Connecting Communities

Organizations encourage consumers to buy local whenever possible to keep money circulating and bring jobs to the local economy.


Buy local movements are nothing new. In fact, they’ve been sprouting up all over the country for at least 20 years. Proponents hope that banding together and trying to get people to keep their money local will help create a sustainable local economy and create their own economic stimulus program.

In New Mexico, the buy local effort is helping to shield some small businesses from the economic downturn and preserve jobs as well.

“We have over 4,500 businesses registered in Santa Fe and of them, 85 percent of them are locally-owned and independent,” said Vicki Pozzebon from the Santa Fe Alliance. “They are our largest employer collectively. They are really our economic engine. They are the ones that are paying a higher wage. A lot of them choose to pay a higher starting wage plus benefits.”

By choosing to buy local, you have the power to strengthen and enrich your community. Independent businesses are unique enterprises that contribute to the character of your community by offering a more diverse selection of goods and services, according to Kimber Lanning of Local First Arizona. “You get that personal touch and a real sense of place and feel like you’re a part of your community,” Lanning said.

Lanning founded Local First Arizona in 2003 after getting tired of watching the homogenization of areas around the state. “The organization grew so fast, we currently have about 1,700 members and are the largest dues paying coalition out there,” she said. “I’ve always had civic pride and I’ve always chosen to buy local. I thought that I could help these people get connected. The idea was to pool money and create an online database. The more that I learned about the economics of what was going on, the more involved I wanted to get. Our children may not have the opportunity to have decent jobs here. We could become a service industry state.”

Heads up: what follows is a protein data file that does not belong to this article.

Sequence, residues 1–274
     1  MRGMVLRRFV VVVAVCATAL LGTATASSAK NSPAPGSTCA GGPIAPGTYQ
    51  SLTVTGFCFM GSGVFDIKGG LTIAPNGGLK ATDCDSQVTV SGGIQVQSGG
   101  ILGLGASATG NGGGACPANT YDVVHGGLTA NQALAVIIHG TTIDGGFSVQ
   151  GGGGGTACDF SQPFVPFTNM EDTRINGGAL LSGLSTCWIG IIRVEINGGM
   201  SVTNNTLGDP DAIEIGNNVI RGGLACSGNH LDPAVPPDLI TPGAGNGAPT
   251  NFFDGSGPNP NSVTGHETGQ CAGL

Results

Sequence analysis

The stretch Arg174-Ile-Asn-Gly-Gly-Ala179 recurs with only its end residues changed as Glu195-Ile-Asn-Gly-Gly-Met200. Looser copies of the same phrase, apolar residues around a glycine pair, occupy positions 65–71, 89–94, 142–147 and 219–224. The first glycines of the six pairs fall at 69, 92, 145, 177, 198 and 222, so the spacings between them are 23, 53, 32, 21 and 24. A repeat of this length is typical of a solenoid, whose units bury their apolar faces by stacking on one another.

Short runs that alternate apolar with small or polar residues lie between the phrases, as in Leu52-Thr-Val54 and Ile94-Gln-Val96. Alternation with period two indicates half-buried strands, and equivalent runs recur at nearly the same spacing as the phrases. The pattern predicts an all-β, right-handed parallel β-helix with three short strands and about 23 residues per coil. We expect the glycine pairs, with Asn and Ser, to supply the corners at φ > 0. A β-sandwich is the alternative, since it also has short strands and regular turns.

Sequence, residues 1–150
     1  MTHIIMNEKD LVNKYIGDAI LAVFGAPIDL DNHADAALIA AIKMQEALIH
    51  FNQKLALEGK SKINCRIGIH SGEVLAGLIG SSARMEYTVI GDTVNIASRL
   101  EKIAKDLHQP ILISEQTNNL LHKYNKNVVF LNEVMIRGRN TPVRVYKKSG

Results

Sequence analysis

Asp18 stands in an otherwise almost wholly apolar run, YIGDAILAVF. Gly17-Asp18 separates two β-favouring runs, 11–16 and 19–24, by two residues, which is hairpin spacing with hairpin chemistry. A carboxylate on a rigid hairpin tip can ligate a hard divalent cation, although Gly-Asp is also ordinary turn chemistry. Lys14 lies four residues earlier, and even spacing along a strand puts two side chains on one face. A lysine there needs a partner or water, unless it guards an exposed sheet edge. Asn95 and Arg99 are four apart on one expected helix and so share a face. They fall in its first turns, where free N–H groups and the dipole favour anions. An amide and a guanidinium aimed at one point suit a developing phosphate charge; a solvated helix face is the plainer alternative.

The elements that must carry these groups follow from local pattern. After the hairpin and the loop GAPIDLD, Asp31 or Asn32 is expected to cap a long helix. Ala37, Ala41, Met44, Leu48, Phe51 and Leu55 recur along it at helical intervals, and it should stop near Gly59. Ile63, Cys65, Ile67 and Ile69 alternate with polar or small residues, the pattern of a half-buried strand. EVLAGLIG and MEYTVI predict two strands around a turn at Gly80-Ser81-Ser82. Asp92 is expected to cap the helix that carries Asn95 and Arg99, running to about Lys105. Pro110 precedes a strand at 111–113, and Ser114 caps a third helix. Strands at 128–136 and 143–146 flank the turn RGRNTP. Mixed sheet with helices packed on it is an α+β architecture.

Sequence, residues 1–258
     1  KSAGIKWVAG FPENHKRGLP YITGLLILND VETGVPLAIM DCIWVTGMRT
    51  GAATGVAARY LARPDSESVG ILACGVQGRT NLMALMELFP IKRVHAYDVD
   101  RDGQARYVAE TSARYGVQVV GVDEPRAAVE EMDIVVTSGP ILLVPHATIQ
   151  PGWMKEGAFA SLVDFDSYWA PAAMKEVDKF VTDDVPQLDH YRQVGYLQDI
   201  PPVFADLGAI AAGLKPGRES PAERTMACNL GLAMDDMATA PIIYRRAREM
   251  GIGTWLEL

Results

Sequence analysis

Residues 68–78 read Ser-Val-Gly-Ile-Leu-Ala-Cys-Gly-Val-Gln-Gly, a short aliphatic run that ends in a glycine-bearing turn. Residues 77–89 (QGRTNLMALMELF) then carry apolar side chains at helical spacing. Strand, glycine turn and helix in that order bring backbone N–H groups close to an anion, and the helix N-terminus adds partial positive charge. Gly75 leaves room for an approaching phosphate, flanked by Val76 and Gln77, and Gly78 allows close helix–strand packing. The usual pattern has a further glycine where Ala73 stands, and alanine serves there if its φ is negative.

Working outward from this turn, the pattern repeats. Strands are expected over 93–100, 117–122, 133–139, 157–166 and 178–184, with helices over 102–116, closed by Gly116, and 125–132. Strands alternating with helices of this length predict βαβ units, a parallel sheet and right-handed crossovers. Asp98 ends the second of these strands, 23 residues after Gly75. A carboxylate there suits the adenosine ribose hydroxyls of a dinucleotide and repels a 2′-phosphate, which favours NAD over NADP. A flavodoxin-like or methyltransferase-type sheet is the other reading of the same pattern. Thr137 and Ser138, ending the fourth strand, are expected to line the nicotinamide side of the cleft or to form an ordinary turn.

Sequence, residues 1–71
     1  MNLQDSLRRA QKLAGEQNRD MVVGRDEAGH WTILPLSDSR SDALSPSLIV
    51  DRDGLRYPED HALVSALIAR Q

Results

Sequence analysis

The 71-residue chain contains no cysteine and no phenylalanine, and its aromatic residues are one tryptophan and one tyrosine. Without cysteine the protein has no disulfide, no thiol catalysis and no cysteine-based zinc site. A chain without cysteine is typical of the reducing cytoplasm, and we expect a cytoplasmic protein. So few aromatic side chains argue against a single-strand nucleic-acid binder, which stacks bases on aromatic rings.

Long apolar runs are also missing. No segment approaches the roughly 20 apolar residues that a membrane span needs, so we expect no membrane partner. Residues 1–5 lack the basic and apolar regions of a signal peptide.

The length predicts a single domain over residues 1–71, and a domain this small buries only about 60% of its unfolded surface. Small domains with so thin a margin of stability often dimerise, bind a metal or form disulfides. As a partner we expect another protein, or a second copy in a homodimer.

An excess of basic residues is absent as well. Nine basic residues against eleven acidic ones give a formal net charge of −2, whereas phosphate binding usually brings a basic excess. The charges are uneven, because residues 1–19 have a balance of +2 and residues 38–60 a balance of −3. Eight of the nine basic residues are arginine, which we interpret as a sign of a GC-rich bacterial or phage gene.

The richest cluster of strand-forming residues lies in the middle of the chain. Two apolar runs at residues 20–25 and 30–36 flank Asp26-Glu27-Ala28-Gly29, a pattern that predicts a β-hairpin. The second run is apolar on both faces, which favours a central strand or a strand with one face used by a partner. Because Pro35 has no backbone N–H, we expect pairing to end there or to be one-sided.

There are several ways that the public can get involved at the grassroots level in supporting the buy local movement, Pozzebon added. “First off, they can always tell their retailer or service provider that they choose to buy locally. That has an immediate impact where the owner can say thank you for choosing me. You can also say ‘Ok, we have like-minded people in the community, what can we do to call upon our leaders. The two national organizations, the Business Alliance for Local Living Economies (BALLE) and the American Independent Business Alliance (AMIBA), also provide resources that could prove helpful.”

In Bellingham, Wash. they’ve taken the buy local idea one step further. In April 2002, Sustainable Connections signed up its first business member with early programs that focused on connecting values-aligned businesses, and taking individual steps—“pledges”—to improve the sustainability of member businesses.

Today, they offer five programs including: Sustainable Business Development – Building the number and prosperity of local businesses that creatively address environmental and societal changes, Think Local First – Increasing awareness about the personal, community and economic benefits of choosing local, independently owned businesses first, Food & Farming – Supporting and building a sustainable local food system in Northwest Washington, Green Building & Smart Growth – Promoting healthy, durable, efficient, and environmentally responsible places to live, play and work, and Energy Efficiency & Renewables – Encouraging green power purchasing, energy efficiency, and increased local renewable energy infrastructure.

Executive Director Michelle Long said the one reason they’ve been successful is because they have reciprocity there. “People care about this place and we help them take action to care about this place,” she said. “I think that people who want to start a similar organization to ours need to think about who they have at the center of what they are forming. You’ve got to have successful, credible, values-aligned people. If you’re trying to influence local business owners, you need to find out what they need.”

Sustainable Connections also offers workshops in the local communities on building an organization like theirs.

For more information about organizing your own buy local movement, visit livingeconomies.org, amiba.net, or ilsr.org. —Lynn Celmer

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